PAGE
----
Parks and Recreation Season 5 Review “Women in Garbage”

Parks and Recreation Season 5 Episode 11 Women In Garbage (2)

When a series as Parks and Recreation goes big as it did in last week’s “Two Parties”, a more straightforward episode like “Women in Garbage” can almost come across as disappointment. While there may not have been anything “special” about tonight’s episode, it was still Parks and Recreation being its usual consistently funny self.

The storyline involving Ron babysitting Diane’s two daughters was Comedy 101 at its finest. The show has put Ron with small children before, and it always produces predictably funny results. Seeing an exhausted Ron sitting on the floor of his office while the girls paint his shoes red was an excellent visual. The storyline wasn’t used entirely for comedic value since it had an underlying sweetness to it revolving around Ron’s continually evolving feelings for Diane. The real winner of this segment was Ann. The show has done better by her this season than last, but tonight’s episode was some of her funnier moments of the season. She’s always great at acting downtrodden when Ron continues to express his lack of desire in knowing anything about her. Plus, it was good to see her awkward routine finally click as she was introduced to Diane’s daughters (“So, you guys like Coldplay?)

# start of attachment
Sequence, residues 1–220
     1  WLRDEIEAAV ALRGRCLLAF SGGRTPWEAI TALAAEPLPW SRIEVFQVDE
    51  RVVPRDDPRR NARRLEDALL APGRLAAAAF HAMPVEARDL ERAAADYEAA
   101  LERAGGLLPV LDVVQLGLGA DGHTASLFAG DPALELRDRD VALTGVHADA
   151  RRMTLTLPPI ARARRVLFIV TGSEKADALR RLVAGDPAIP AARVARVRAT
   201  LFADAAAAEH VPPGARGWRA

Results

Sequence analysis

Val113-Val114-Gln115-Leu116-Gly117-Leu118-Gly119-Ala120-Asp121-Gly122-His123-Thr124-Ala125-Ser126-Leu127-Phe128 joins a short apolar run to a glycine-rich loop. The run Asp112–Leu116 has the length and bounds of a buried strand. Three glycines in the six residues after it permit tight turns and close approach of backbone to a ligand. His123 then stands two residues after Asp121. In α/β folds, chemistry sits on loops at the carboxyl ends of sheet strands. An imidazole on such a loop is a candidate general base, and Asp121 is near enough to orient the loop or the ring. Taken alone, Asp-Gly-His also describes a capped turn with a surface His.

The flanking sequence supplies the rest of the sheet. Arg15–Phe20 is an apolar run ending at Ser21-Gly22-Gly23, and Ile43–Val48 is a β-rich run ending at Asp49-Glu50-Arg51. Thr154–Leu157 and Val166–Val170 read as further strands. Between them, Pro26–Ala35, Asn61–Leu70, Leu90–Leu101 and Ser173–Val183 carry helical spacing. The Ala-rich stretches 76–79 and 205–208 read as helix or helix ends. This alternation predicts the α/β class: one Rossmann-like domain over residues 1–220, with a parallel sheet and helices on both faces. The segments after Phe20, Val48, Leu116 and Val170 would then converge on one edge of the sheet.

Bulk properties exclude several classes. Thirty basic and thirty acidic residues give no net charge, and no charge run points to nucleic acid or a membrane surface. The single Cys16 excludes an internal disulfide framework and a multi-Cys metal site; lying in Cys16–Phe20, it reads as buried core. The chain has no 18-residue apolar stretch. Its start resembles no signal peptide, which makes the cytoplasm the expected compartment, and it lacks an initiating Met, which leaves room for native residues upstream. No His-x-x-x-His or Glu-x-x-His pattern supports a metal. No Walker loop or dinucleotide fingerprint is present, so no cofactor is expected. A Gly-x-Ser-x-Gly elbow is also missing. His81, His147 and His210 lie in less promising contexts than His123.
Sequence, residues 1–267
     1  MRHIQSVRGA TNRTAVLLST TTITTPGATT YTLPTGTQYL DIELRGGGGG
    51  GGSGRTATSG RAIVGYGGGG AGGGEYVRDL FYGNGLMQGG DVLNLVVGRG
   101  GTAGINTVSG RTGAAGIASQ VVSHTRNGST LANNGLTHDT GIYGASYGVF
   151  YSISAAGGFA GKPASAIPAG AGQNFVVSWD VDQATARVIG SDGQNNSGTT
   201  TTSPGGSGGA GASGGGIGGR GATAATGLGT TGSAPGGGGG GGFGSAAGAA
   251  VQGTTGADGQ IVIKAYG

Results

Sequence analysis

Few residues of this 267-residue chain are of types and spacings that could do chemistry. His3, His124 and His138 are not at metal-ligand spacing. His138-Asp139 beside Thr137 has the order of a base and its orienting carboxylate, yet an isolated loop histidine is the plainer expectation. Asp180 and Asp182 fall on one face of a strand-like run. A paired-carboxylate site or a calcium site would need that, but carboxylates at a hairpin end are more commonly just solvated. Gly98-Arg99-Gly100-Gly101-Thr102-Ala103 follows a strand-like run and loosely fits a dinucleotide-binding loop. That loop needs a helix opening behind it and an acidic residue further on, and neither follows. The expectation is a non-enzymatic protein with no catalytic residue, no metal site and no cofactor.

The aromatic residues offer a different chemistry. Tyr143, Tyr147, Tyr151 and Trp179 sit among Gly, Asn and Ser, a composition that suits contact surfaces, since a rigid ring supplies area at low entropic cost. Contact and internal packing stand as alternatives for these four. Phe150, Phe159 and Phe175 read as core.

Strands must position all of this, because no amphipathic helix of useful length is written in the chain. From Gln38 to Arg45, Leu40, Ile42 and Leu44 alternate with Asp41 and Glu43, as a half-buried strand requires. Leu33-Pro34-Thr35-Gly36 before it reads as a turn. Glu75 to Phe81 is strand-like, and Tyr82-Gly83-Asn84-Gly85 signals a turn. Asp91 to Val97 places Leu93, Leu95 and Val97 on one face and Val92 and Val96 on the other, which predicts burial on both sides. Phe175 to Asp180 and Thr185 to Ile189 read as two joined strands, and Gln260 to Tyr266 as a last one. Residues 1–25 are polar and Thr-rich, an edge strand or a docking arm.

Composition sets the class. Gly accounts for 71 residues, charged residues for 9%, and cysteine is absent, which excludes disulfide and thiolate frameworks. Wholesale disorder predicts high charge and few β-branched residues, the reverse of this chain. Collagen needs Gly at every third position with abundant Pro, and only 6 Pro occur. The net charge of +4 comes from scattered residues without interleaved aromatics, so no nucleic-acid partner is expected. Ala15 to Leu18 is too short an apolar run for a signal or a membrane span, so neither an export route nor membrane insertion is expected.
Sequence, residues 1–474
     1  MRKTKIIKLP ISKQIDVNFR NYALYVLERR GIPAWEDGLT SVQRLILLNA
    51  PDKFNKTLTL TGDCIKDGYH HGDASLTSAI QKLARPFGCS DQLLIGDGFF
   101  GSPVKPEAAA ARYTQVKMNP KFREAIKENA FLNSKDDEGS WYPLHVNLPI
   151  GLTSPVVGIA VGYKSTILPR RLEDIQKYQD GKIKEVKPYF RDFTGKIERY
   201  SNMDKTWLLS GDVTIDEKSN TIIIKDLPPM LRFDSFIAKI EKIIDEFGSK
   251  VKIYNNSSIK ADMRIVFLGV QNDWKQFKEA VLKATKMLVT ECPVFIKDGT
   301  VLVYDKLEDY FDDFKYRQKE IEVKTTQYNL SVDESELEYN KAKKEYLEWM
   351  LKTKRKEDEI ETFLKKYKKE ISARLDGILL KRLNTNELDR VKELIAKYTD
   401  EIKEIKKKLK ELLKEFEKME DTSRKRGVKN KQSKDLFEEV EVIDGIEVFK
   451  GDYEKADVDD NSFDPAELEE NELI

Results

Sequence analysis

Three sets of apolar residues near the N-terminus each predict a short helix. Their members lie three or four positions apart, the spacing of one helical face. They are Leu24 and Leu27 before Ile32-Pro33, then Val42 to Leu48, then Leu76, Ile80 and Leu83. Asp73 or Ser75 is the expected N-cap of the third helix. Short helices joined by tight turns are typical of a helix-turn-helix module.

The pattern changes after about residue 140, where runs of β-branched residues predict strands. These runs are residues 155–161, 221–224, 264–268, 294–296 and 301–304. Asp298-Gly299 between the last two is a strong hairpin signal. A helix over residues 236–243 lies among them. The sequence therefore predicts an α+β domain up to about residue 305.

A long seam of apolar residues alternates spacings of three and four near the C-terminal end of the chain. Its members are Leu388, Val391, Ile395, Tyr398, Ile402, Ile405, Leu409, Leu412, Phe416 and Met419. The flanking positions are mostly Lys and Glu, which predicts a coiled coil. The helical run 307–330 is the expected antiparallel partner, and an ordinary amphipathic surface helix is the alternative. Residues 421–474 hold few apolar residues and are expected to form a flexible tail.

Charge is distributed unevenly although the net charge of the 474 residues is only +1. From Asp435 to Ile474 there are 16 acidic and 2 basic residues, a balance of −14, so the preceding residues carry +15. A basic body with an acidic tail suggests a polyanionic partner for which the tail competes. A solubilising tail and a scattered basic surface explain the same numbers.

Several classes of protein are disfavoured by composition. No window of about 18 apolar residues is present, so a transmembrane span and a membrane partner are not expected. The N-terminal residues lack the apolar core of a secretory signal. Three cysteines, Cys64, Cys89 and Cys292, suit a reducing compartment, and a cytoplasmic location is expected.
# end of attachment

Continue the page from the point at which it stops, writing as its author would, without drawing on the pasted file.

Over at the Pawnee gym, Tom, Andy, and Ben put on a physical comedy performance for the ages. Tom once again show’s his complete lack of athletic prowess, but his lack of knowledge about the game produced the most worthwhile laughs (“Did I do basketball?”). Of course, the comedic glory didn’t end there as we got to watch Andy plow through young kids on his way to the basket, and the trio get worked over by group of Pawnee youngsters. Ultimately, Tom finds his niche within the basketball crazy youth by showcasing Rent-a-Swag as the one-stop shop for all a teenager’s post-game press conference needs.

Leslie’s struggle led her into a place ripe for Pawnee-based comedy: sexism in government. Pawnee has a disturbingly hilarious past oppressing many different groups of people (and having the salads to go with it), but the treatment of women is something that appears more rarely than the others. The garbage truck route was pretty standard stuff with the exception of some moments involving April’s invasion of others’ privacy. Also, we learned the valuable lesson that you cannot sneak up on a fridge.

This episode certainly lacked the panache of last week’s episode, but a standard episode of Parks and Recreation remains superior to most comedy on the dial.